Lisa Santamaria is a single mother of two who also lives with her 70-year old mother.
To support her household, she works at a Homestead nursing home. At least she did until Hurricane Irma.
“I love my job and I really don’t want to be fired,” Santamaria said.
Santamaria says she lives in an evacuation zone and was concerned about her two sons and mother. So, she did not go to work for scheduled shifts on Saturday and Sunday when Hurricane Irma came to South Florida.
“I decided not to go because of my family,” she said.
The nursing home offered to let her family take shelter inside their Homestead facility but she didn’t feel that was a good option for them.
“There were a lot of people already over there,” she said.
She says when she called her manager she was told to come to work.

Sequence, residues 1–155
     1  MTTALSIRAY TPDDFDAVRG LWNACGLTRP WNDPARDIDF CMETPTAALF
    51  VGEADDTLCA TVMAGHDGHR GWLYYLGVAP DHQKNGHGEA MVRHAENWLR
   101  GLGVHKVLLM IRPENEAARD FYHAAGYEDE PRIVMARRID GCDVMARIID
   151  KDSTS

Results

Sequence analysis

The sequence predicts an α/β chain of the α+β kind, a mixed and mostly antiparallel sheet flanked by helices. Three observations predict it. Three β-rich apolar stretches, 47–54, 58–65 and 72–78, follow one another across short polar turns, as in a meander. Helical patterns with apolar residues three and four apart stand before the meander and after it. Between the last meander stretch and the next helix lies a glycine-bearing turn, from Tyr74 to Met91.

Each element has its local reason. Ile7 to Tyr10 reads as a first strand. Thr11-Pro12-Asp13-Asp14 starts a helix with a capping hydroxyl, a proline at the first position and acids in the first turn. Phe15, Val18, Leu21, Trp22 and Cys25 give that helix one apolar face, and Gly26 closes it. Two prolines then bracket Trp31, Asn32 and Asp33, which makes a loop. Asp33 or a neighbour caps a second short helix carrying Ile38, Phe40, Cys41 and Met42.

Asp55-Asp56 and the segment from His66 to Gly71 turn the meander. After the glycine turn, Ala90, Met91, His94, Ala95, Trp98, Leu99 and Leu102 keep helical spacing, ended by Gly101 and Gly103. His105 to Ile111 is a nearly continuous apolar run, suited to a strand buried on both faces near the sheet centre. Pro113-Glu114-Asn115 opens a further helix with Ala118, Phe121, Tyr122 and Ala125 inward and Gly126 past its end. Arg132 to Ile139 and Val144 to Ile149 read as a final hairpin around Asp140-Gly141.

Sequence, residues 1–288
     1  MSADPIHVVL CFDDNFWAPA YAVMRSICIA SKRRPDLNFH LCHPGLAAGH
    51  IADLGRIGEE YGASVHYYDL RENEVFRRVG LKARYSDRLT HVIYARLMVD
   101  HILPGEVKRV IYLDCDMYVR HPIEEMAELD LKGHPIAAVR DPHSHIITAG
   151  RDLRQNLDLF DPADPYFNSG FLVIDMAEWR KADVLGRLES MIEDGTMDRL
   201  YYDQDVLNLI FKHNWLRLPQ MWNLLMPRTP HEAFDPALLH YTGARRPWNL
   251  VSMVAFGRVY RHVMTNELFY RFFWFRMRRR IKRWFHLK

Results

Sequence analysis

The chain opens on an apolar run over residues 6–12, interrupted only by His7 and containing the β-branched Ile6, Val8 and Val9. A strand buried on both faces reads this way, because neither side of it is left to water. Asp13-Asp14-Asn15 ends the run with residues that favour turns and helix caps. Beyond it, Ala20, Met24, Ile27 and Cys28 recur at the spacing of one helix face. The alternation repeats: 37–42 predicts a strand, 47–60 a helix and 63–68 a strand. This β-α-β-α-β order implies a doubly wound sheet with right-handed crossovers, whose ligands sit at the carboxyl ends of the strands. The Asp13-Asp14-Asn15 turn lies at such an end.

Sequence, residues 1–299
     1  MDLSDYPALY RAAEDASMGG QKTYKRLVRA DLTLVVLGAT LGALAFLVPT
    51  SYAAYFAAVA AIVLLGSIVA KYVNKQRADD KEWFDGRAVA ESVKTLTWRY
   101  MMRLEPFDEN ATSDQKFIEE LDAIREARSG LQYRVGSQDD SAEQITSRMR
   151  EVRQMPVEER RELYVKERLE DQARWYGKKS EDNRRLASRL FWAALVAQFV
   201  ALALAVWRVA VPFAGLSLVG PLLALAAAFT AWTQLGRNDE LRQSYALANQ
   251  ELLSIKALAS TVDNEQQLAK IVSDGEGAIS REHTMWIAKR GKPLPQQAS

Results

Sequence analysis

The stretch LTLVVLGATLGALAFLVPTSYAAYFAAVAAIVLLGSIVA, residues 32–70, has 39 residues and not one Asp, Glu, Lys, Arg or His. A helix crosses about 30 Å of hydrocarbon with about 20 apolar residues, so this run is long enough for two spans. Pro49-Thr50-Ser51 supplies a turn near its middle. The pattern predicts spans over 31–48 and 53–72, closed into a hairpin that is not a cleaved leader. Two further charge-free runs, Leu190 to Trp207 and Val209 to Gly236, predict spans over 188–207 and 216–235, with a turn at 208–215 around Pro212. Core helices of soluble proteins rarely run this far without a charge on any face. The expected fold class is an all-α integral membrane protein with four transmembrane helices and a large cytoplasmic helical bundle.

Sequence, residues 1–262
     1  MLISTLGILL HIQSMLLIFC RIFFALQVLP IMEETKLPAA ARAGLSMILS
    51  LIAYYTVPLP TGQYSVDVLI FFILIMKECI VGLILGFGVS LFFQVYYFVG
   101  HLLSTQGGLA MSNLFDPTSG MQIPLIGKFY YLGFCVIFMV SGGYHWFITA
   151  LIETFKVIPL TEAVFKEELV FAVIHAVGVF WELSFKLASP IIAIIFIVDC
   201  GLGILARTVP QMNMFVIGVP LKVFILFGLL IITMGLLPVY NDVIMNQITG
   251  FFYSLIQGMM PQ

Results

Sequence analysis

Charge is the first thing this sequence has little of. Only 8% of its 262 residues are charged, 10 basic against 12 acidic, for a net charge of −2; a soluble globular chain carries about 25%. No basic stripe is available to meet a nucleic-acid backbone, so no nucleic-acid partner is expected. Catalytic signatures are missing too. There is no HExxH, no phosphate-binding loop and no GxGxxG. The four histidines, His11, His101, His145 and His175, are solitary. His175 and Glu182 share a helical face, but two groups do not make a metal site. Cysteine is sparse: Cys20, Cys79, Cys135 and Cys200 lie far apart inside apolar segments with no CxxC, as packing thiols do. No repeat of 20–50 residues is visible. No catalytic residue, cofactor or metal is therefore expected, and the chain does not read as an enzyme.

“You come and shelter with your family or you’re not going to have your job anymore,” she recalls being told.
A spokesperson at Homestead Manor wouldn’t discuss a specific employment issue but sent a statement saying, “… as a healthcare provider who serves an elderly population, it is our responsibility to make sure that we have employees available to serve our residents, especially in times of emergency.”
Attorney Freddy Perera specializes in employment law. He says the law typically favors employers, not employees.
“You have to start with the basic notion that Florida is an at-will state,” Perera said. “That means that any employee generally can be fired for any reason, you just can’t be fired for an illegal reason.”
Perera says he heard from people like Santamaria prior to the storm.
“And my advice to them was, if you feel unsafe, go ahead and get out because we can find you another job, we can’t recreate your life,” Perera said.
Santamaria says she doesn’t regret her decision but is now worried about how to pay the bills.
“I want to get my job back,” she said.